12 posted on 09/16/2013 9:19:30 AM PDT by spawn44 (MOO)
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To: ontap

...he’s not alone in Austin! Lower echelon regulators, bureaucrats and prosecutors are daily making life miserable for MANY others as well. I was forced to endure 3 criminal jury trials over 2 years at a cost to me of nearly $10,000 each for a building code violation. Austin’s case was so bad and so weak and so non-sensical that 3 juries, no doubt of liberal leanings, decided in my favor, A NASTY OLD DEVELOPER, all three times.

What was my crime? I moved a tenant in a brand new shopping center that was not even in Austin’s city limits without getting their final bureaucrats approval LETTER. The hitch for the City, and ONE reason they lost all 3 times was that I could not have moved ANYBODY in without their expressed written approval. The right arm simply did not know what the left arm was doing. Or, put another way, Austin’s new Environmental Police Force, listening to certain of their Inspection Department buddies, simply decided “let’s get him”. Advantage to the City to criminalize a building code violation ??? Simple. In criminal court, the alledged criminal has to show up for ALL hearings or be arrested! They drug me and my attorney into court approximately a dozen times over 2-3 years with the clear goal of running up my attorney fees, wearing me down and hoping I would surrender. And, oh by the way, the potential fines, could have been in the mid six figures. Government, at all levels, is simply OUT OF CONTROL.


13 posted on 09/16/2013 9:58:26 AM PDT by Cen-Tejas (it's the debt bomb stupid!)
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To: Cen-Tejas

So are you going after restitution!!


14 posted on 09/16/2013 10:00:52 AM PDT by ontap (***)
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To: SmileRight

In order to undercut their power, we will also need to remove many of the more egregious laws we do have. Under our current system, it’s been said that an average American is committing multiple felonies every day.


15 posted on 09/16/2013 10:26:05 AM PDT by freedom462
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To: SmileRight
Two points:

1. When a prosecutor offers a lesser sentence or no charges in exchange for testimony, he has suborned perjury and should be jailed.

We must get back to the notion that to commit a crime, one must know of the law and one must intend to commit an act that breaks it. That concept is no different than the criteria used for an insanity plea.

16 posted on 09/16/2013 4:15:22 PM PDT by jammer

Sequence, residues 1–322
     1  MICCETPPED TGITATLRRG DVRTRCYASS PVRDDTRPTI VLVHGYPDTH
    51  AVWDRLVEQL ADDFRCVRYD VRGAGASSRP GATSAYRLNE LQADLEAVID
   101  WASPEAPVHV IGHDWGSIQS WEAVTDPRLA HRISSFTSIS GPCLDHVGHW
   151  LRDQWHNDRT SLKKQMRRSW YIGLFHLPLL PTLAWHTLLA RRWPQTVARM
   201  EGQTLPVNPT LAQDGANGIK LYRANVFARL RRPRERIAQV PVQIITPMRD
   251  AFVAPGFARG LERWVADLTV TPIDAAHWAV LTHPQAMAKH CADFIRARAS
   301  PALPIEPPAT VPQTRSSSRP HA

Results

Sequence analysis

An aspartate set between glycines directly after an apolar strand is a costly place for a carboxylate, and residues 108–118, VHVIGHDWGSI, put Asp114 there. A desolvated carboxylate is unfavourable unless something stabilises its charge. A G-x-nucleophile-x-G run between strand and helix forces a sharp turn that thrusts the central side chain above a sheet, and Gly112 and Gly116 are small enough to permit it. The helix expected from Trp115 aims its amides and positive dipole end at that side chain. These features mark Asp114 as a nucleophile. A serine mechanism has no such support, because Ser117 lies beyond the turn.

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To: jammer
We must get back to the notion that to commit a crime, one must know of the law and one must intend to commit an act that breaks it.

???

Ignorantia juris non excusat

(Latin for "ignorance of the law does not excuse" or "ignorance of the law excuses no one") is a legal principle holding that a person who is unaware of a law may not escape liability for violating that law merely because he or she was unaware of its content. ...- wiki

17 posted on 09/16/2013 4:19:52 PM PDT by WVKayaker ("So we're bombing Syria because Syria is bombing Syria? And I'm the idiot?" - Sarah Palin)
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To: WVKayaker

Yeah, I’ve known the saying/principle for 64 years. But if you have no intent to commit a crime, you should not be charged. And, as I said, the principle you enunciate is definitely not applicable in insanity pleas.


18 posted on 09/16/2013 7:17:42 PM PDT by jammer
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To: jammer; WVKayaker
>> [...] "ignorance of the law excuses no one") is a legal principle holding that a person who is unaware of a law may not escape liability for violating that law merely because he or she was unaware of its content. ...- wiki
>
>Yeah, I’ve known the saying/principle for 64 years. But if you have no intent to commit a crime, you should not be charged. And, as I said, the principle you enunciate is definitely not applicable in insanity pleas.

The whole point of a jury is to nix such abuses*; apparently "back in the day" there was something termed mens rea, which names the concept of intent/guilty mind.

* Esp. the Grand Jury.

19 posted on 09/17/2013 10:48:22 PM PDT by OneWingedShark (Q: Why am I here? A: To do Justly, to love mercy, and to walk humbly with my God.)